By fostering a sense of community within a sober living home, tenants are encouraged to do better, and help others do better as well. Sober living environments live and breathe recovery, in the sense that they consistently promote behavior and thinking that helps recovering addicts manage their cravings and work on life goals that help them develop a responsible self-sustaining lifestyle, maintaining employment, a regular regimen of daily chores, and healthy social interaction with others.

 

Maintaining Contact After Sober Living

Sober living environments are meant to provide places for recovering addicts to stay for longer than most residential recovery programs usually allow, but they are ultimately designed to be temporary residences rather than permanent homes. At some point, whether after four months or a period of over a year, a recovering addict should move on to finding their own place to stay, continuing to work on the lessons they’ve learned while living at a sober living home. But that does not mean the recovery process is over – nor does it mean that a person’s involvement in the sober community has concluded.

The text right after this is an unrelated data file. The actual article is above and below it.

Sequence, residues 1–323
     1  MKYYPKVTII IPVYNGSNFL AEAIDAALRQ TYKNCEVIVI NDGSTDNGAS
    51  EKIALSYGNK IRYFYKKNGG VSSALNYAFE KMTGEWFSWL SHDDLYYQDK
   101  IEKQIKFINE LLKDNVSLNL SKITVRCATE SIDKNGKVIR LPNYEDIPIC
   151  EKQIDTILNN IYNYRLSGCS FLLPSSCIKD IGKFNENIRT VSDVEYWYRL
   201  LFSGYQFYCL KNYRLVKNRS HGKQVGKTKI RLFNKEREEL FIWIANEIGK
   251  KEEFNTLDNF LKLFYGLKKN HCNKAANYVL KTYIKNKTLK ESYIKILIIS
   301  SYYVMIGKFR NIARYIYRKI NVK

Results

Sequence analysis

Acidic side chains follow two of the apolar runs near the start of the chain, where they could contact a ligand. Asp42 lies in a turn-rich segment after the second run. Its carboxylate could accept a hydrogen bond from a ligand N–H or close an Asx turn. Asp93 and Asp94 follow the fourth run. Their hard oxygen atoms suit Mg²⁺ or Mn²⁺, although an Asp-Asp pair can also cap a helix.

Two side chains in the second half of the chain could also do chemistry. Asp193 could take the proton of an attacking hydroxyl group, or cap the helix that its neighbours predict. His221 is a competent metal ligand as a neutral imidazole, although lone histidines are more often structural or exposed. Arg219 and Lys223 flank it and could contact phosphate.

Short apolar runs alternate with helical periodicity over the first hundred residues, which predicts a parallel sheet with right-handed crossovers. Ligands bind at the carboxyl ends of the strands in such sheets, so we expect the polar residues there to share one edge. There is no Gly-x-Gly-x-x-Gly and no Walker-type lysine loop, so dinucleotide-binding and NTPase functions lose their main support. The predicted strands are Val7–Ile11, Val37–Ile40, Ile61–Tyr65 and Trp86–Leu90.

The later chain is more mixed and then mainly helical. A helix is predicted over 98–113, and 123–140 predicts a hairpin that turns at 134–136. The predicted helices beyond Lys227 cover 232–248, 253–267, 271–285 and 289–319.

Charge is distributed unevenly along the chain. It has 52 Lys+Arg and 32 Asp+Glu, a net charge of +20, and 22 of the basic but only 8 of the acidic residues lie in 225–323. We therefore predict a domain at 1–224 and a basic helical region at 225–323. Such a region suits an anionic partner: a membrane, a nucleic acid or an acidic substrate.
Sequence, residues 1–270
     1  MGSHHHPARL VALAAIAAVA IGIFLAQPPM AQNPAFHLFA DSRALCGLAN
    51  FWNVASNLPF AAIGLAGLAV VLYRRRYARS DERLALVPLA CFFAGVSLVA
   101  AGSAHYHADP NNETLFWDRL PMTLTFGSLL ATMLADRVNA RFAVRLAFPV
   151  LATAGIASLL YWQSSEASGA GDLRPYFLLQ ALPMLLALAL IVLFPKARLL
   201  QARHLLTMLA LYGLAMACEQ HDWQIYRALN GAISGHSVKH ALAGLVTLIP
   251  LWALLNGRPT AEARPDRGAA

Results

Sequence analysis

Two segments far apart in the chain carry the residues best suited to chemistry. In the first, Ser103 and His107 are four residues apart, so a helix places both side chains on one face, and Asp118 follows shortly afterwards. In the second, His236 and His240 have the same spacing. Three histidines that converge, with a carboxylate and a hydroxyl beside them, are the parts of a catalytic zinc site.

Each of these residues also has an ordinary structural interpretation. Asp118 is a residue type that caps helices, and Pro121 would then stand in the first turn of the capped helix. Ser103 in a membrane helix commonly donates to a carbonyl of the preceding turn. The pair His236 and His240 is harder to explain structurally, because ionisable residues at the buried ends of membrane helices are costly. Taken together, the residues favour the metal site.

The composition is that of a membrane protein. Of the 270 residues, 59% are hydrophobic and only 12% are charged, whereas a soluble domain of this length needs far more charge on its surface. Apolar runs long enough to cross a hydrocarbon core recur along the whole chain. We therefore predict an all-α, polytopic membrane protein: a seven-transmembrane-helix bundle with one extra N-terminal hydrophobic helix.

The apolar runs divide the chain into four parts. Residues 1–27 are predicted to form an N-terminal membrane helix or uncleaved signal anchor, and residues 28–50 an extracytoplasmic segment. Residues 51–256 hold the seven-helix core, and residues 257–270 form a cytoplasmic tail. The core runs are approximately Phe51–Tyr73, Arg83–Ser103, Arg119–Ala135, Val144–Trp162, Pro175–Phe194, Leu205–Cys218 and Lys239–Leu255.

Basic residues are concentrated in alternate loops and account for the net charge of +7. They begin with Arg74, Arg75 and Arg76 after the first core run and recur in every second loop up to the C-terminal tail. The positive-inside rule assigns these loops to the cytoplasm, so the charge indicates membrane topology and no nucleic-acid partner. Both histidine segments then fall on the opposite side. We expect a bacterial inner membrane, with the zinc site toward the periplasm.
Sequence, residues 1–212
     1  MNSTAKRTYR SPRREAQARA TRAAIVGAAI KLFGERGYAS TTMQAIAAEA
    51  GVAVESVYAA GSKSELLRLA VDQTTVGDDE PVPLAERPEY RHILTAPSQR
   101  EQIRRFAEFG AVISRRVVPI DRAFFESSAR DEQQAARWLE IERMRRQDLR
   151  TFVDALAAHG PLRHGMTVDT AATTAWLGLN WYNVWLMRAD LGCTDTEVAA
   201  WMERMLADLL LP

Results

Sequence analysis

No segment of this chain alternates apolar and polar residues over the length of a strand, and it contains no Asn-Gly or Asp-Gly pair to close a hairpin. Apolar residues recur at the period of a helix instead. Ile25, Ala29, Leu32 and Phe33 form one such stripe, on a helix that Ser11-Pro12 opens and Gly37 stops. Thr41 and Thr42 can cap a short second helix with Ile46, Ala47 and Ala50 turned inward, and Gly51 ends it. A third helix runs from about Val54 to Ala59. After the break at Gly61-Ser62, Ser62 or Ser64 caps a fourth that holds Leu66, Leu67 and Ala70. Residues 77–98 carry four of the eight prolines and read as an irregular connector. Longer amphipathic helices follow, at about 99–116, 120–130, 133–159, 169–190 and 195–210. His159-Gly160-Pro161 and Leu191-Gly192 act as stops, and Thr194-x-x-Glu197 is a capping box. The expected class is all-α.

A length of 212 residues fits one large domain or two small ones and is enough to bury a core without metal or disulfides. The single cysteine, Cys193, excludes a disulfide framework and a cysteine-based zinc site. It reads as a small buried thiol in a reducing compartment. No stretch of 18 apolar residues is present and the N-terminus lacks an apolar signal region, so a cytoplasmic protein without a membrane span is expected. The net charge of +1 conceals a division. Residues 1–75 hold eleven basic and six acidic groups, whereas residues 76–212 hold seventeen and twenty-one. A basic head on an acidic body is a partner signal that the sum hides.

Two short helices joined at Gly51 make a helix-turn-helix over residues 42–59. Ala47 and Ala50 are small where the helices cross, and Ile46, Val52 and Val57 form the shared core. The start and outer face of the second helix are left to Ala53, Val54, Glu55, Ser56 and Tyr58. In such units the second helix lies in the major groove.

Recovery is a lifelong process, and many recovering addicts feel that they can continue to help others believe in their ability to stay sober and the efficacy of their given program by sharing their experiences, talking frankly about the challenges and struggles of addiction, and providing resources and opportunities to communicate with other recovering addicts.